May 2000 aaUPBEAT
Intellectual Property Rights
If you have a few minutes free one day, turn on your computer,
connect to the Internet and go to the following Internet address: www.versity.com. There you will
find a pedestrian-looking web site containing special offers of
interest to college and university students. One of these offers is for
the class notes to specific classes. Other offers include trial
examinations and summaries of great works of fiction. If a student
clicks with her/his mouse on the lecture notes option, he or she can
find class notes for higher-education courses taught at schools around
the country, including more than one hundred courses taught at the
University of Delaware. The notes, taken by students, are sold to
Versity.com for a fee. After getting the notes, Versity.com officially
assumes their ownership by copyrighting them. The notes are then made
electronically available to interested students.
Seeing one's work copyrighted by someone else can be a shock.
Alan David Fox of UD's Philosophy Department found this out firsthand
when he discovered that notes from one of his courses were posted on
Versity.com's web site and had been copyrighted by them. According to
Fox, the unauthorized use of notes on his lectures raises two problems.
The first is the fact that my entire course, which has been carefully
constructed over the years, is now published without my approval. The
conclusions I reached, the data I strung together to reach those
conclusions, and topics I covered are all published and copyrighted by
Versity.com. These conclusions have not been published in any book.
They are my own intellectual property, and I should be the one to
decide who benefits from them. I already get paid to teach, and I don't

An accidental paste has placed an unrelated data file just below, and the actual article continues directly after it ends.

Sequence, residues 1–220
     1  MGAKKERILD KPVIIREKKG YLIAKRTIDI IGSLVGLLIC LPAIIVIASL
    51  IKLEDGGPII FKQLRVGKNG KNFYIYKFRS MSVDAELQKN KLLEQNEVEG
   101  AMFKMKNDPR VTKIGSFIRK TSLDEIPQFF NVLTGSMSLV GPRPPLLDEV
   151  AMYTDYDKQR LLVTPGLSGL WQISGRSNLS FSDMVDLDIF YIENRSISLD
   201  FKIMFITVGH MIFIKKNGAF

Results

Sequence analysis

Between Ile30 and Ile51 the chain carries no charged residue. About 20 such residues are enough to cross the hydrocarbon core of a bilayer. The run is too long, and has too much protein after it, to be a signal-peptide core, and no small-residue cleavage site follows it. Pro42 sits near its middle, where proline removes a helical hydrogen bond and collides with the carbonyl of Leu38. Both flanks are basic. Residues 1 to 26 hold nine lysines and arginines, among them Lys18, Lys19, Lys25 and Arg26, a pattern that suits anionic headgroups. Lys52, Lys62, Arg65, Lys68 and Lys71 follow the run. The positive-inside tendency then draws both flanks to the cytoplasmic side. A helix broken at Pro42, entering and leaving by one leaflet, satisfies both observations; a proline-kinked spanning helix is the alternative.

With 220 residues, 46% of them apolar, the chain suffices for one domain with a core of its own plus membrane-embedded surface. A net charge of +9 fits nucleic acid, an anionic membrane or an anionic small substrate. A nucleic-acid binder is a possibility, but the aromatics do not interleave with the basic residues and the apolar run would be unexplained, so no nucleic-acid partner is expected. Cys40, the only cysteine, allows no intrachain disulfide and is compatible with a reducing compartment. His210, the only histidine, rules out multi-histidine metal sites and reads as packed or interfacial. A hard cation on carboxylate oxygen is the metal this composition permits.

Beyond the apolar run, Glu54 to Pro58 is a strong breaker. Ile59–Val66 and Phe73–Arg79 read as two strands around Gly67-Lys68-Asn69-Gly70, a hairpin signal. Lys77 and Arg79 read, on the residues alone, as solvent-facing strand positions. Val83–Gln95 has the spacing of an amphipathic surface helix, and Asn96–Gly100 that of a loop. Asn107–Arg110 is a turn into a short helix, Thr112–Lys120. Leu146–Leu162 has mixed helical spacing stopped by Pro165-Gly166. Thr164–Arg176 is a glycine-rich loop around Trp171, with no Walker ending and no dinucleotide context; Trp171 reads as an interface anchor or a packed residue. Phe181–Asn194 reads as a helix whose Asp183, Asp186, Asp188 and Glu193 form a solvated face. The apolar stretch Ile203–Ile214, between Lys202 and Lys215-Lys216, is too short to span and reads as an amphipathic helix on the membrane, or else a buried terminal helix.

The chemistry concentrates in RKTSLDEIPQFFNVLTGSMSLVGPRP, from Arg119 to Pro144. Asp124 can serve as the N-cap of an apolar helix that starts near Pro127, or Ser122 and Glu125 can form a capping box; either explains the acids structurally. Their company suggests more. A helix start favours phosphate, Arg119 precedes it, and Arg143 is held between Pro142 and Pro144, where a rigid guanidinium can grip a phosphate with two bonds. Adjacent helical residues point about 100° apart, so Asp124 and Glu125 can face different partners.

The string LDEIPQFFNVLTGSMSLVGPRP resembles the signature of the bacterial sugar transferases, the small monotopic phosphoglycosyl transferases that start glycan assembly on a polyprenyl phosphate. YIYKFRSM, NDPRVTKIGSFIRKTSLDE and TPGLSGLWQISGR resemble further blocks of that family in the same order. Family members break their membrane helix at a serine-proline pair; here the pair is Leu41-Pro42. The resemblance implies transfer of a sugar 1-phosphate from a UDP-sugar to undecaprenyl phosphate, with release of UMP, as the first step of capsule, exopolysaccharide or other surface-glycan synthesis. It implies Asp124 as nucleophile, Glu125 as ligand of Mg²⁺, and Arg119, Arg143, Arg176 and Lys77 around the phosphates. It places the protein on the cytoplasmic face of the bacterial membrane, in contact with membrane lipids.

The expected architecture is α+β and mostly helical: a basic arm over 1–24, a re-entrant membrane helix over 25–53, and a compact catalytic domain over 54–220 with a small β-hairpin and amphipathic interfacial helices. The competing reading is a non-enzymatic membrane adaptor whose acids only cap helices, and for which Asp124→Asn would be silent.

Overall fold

need to make extra money off my notes. But I do think that I should be
the one to decide who can profit from them. Anyone reading these notes
can reconstruct my course completely.
Fox also argues that Versity.com has not only taken his
intellectual property, but has altered the very nature of his course.
The company has done this, he says, by reducing a complex dialogue
between professor and students into a process that encourages rote
memorization rather than logic or dialectical analysis. "My teaching
style is extremely dialectical," Fox says. "I ask a provocative
question, and I expect a certain range of answers. I work with these
answers to establish complexity and to get students to think for
themselves. I teach philosophy and the entire point of my course is to
get students to think for themselves."
Versity.com is not interested in the fact that this aspect of
Prof. Fox's course is the "entire point" of his performance in the
classroom. All they are interested in is their profits.
Fortunately for Fox, when he explained his concerns to his
class, the person who had supplied Versity.com with course information
admitted on his own that he was the culprit and promised to sever his
relationship with the company. He kept his word and the problem was
over - in that particular course.
Elsewhere, however, both at UD and around the nation,
Versity.com continues to grow.
The students who sell their class notes to Versity.com are
obviously a vital part of the company's business. Once hired by the
company, their official title is "Class Research Coordinator" or CRC.
According to Versity.com's job descriptions, which can be found on its
web site, CRCs are students enrolled in courses that Versity.com
provides notes for. They are responsible for taking high quality notes
of what was presented in the class and submitting them within 24 hours.
Additionally, they document class events and announcements as reminders
for other students. Benefits: Earn money by taking notes in class. You
choose the schedule, you set the hours. Responsibilities: Taking
quality notes during each lecture and posting them onto our site within
24 hours. Qualifications: Well organized, ability to work
independently, computer proficiency, a minimum GPA of 3.0, and the
ability to post notes within 24 hours. Compensation includes a base
salary and significant incentive-based bonuses.
A CRC's main role is that of middle person in the process of
extracting information from the privacy of the classroom, then placing
that information in the hands of those knowledgeable in the ways of
making that information their private property. For the most part,
students do this in the same spirit that has motivated students in the
past to share their written class notes with friends or members of the
same sorority/fraternity. However, there is a difference between
casual, localized notes-sharing and Versity.com's activities and it is